Sewage and drainage issues remain hot topics in the race for Cape Town's mayorship
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Cape Town - Who wins the Cape Metro Council could also depend on who has the solution to the city’s ongoing problems, with sewage spills and overflowing drains that have caused a stench and health problems in several townships and suburbs.
The spills have also put a halt to the recreational use of water bodies and several natural vleis such as Rietvlei, Zeekoevlei and Princess Vlei.
With local government elections in two weeks, the DA-led council’s water and sanitation failures remain a dark cloud hanging above its head, with the department having received heavy criticism from concerned ratepayers.
Greater Table View Action Group planning and biodiversity head David Ayres said the City’s water and sanitation infrastructure was in a state of collapse.
“The City has totally lost control of the current infrastructure and doesn’t have a credible plan to upgrade it in such a away that it renders adequate services to ratepayers and protects the valuable biodiversity and environment.
“The City’s major failing is that it has embarked on a densification programme with an inadequate infrastructure and the personnel to make this happen. Currently, the plans in place to upgrade the infrastructure are inadequate and outdated,” he said.
Ayres said the crisis needed political will at the highest level to first admit that there was a problem.
UCT Environmental Humanities South research centre director Lesley Green said the City’s focus on billable water, with a business mindset, was problematic.
She said there was no value placed on care for open water that was not billable because it did not generate major income. She said the City has reduced their idea of water to commercial water.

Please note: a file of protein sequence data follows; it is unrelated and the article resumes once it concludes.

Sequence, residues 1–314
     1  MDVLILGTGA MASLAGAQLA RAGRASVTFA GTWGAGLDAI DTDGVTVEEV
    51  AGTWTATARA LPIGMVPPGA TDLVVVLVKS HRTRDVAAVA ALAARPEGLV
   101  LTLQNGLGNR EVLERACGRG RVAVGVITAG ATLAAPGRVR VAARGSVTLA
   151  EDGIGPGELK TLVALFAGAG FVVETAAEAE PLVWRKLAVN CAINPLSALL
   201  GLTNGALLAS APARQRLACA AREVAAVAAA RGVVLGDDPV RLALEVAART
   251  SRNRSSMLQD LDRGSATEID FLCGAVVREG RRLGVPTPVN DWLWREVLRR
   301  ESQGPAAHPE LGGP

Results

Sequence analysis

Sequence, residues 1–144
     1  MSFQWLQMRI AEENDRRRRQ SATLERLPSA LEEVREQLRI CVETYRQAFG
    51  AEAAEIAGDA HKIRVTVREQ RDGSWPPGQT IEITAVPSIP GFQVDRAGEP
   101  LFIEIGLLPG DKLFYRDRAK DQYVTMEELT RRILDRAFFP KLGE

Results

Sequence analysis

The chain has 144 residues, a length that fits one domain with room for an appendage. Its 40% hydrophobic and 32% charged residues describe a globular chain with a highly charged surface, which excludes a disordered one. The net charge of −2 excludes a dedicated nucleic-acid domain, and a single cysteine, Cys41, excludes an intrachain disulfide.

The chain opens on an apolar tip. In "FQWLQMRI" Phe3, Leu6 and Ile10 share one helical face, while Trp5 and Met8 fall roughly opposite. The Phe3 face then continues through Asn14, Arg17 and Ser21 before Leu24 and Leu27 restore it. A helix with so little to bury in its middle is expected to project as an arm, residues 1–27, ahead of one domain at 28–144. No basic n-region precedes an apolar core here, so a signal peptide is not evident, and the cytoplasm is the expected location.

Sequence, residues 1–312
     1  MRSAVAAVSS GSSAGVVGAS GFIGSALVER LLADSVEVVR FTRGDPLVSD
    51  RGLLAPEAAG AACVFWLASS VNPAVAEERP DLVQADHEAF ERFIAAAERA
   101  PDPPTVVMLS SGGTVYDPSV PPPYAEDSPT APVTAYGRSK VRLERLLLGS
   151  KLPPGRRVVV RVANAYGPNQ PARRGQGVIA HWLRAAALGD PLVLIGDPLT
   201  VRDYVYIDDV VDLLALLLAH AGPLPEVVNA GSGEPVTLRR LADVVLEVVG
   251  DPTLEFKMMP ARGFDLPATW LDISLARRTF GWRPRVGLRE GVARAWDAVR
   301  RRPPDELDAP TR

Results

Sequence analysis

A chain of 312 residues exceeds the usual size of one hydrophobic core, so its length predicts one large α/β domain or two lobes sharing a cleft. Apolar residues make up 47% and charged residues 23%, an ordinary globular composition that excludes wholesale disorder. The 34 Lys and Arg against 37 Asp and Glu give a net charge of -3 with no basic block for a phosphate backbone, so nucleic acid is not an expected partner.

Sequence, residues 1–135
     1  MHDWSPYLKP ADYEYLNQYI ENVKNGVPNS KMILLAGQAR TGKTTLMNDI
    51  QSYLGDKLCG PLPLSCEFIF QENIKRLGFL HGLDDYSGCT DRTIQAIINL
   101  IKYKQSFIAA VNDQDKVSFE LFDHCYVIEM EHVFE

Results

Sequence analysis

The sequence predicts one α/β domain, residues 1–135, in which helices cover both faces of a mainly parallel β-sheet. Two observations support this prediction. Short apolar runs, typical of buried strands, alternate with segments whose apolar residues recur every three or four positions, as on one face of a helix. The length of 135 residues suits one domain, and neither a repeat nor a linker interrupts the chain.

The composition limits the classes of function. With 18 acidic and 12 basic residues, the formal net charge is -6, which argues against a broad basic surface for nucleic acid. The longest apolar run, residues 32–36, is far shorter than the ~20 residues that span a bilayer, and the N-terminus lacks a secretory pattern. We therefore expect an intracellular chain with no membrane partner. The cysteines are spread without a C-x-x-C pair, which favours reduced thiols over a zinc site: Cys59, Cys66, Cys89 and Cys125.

“That’s not acceptable politics – it will never lead to well-being, nor can it advance habitability or environmental justice,” she said.
Table View Ratepayers and Residents Association chairperson Mandy Da Matta said they were angry with the DA mayco member Xanthea Limberg who, she said, had allowed the situation to deteriorate. She said this would be felt at the polls.
These issues have seen the DA’s mayoral candidate, Geordin Hill-Lewis, conceding the City could do better.
Hill-Lewis said: “Part of why I ran is because I think sometimes the City doesn’t live up to the high standards the DA sets for itself. I’ve committed that everyone in Cape Town should see and feel the DA difference.
“The most pressing issue is the pressure our infrastructure is under. We are ramping up investment, with R3.5 billion to be spent in the next few years just on sewerage. But we can do even more.”
EFF provincial deputy chairperson Nosipho Makamba-Botya said proper infrastructure was vital and that the lack of an adequate water supply and proper sanitation system were issues mostly experienced by poor people in townships and rural areas.
“Proper services are only reserved for whites and the rich who reside in leafy suburbs, while residents in informal settlements such as Dunoon, Kraaifontein, Khayelitsha, Mfuleni, Nyanga, to list a few, are neglected.”
Good party mayoral candidate Brett Herron said: “If we become a city of failing sewers, we are doomed to disinvestment and massive social and health issues.
“We have already seen the City indicate that it will no longer approve building or development plans for 144 areas because the bulk sewer system does not have capacity.
“This is a massive setback for the construction sector. And a massive setback for job creation since the construction sector creates a lot of jobs.”
If elected into the government on November 1, Good would first ensure that there were sufficient engineering and technical skills inside the City administration.